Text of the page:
Executive Intelligence Review

FROM EIR DAILY ALERT


Australia Glass-Steagall Bank Separation Bill Introduced, LaRouche Allies CEC Credited

June 25, 2018 (EIRNS)—A bill to instate Glass-Steagall bank separation was introduced today in Australia’s Parliament, by Bob Katter—the Banking System Reform (Separation of Banks) Bill 2018—off the long-term campaign of the LaRouche co-thinkers the Citizens Electoral Council (CEC). In his reading of the bill, MP Katter credited CEC’s Robert Barwick, and a chart of Australian universal banks’ derivatives exposure, circulated by the CEC, which drew attention to the need for a bill, like FDR’s 1933 Glass-Steagall Act that would separate commercial banks from investment banks, thereby protecting clients’ deposits from speculative exposure toxic paper. The July 2017 proposal for an Australian Glass-Steagall bill is available at CEC’s website.

A June 20 article in the MacroBusiness blog entitled, “Is Australia Sitting on a Ticking Derivatives Nuclear Bomb?” begins

“There is a chart doing the rounds courtesy for the CEC (an Australian Political Party, who is advocating the introduction of a Glass-Steagall banking separation bill, and which is likely to tabled late June) which shows that the total value of financial derivatives in Australia is around AUS$37 trillion.”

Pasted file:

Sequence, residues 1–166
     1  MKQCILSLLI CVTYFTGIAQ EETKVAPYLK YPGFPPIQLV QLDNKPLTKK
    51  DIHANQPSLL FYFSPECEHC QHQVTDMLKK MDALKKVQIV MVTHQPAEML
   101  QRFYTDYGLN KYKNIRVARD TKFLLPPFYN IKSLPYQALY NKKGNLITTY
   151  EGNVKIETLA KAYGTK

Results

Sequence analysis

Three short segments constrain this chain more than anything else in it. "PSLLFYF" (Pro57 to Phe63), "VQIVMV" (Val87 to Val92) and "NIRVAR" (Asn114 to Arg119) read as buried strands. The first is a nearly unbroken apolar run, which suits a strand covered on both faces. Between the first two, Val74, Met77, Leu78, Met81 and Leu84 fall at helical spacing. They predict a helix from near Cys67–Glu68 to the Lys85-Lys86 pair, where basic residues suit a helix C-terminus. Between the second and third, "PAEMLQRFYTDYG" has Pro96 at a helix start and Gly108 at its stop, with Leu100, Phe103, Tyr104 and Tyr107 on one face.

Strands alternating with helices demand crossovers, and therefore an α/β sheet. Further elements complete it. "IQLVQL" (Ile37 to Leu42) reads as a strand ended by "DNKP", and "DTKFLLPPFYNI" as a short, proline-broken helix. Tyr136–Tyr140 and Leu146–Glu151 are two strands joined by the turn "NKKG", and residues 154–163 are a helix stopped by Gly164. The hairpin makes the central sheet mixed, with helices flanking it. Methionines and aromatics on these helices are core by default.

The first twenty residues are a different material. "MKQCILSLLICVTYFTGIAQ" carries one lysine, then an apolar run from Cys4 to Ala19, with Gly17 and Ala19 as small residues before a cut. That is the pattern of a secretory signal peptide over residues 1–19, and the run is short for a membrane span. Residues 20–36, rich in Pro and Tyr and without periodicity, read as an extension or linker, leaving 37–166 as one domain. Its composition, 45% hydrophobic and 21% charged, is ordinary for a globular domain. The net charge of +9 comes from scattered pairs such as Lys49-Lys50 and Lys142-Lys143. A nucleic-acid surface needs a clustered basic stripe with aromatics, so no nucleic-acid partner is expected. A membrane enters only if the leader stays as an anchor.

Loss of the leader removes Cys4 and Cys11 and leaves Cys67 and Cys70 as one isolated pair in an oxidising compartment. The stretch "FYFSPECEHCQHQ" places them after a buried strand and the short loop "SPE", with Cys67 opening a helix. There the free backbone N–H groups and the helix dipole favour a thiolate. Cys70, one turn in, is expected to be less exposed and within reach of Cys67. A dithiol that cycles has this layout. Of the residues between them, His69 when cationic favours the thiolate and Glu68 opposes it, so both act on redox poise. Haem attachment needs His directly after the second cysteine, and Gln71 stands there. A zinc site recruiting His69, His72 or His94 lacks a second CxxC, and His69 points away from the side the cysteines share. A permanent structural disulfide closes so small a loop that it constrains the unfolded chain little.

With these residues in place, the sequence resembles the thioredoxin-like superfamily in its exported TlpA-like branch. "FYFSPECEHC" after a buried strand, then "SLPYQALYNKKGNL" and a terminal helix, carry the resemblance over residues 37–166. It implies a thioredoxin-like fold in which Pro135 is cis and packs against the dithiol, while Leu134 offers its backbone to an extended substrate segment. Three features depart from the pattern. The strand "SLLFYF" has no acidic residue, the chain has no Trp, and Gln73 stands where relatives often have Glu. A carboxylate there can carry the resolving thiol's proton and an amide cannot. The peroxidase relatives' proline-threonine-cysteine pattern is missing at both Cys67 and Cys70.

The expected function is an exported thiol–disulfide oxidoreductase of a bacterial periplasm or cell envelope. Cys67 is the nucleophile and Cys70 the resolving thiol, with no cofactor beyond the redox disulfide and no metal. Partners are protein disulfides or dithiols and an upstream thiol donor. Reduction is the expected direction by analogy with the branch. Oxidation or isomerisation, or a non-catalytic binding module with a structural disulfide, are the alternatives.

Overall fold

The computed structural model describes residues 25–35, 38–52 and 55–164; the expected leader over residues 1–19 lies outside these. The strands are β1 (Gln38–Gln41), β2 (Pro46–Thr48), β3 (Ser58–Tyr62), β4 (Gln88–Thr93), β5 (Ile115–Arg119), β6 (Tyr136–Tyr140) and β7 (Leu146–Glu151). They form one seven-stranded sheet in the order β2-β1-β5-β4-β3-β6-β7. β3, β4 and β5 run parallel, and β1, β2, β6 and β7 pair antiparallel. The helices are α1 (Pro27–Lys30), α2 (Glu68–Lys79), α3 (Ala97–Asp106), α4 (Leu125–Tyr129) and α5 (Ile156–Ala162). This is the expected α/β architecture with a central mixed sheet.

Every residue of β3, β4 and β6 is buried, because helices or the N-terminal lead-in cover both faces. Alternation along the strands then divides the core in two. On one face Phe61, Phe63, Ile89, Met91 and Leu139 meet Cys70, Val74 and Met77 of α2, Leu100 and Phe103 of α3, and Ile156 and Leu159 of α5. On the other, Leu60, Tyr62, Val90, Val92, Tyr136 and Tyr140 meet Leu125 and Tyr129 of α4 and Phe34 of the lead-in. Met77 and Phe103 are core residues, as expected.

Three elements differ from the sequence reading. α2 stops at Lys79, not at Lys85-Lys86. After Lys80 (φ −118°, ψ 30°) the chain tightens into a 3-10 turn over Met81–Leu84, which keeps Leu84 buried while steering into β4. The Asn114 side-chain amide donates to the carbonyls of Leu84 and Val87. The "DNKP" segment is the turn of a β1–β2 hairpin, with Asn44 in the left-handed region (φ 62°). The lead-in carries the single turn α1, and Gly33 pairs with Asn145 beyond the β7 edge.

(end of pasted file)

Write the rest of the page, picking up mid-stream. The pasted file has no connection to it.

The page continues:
Author Martin North states that “people are asking about this.”

Australia’s GDP is about AUS$1.2 trillion, one-thirtieth of its banks’ derivatives exposure; the banks could very well lose that much, and quickly, in a new financial crash.

After a very long analysis of the situation, with many charts, North concludes:

“The bottom line is the AUS$37 trillion is a good representation of the current gross exposures in our banking system, and this dwarfs the banks’ current balance sheets, and the country’s total economy. The risks are literally enormous, and in a system-wide banking crash, when multiple parties are exposed, a bail-out if required would likely have profound economic effects. It might be enough to swamp the entire economy. That’s how big the potential risks are. That’s why Glass-Steagall is worth pursuing.”

Now let it be pursued.

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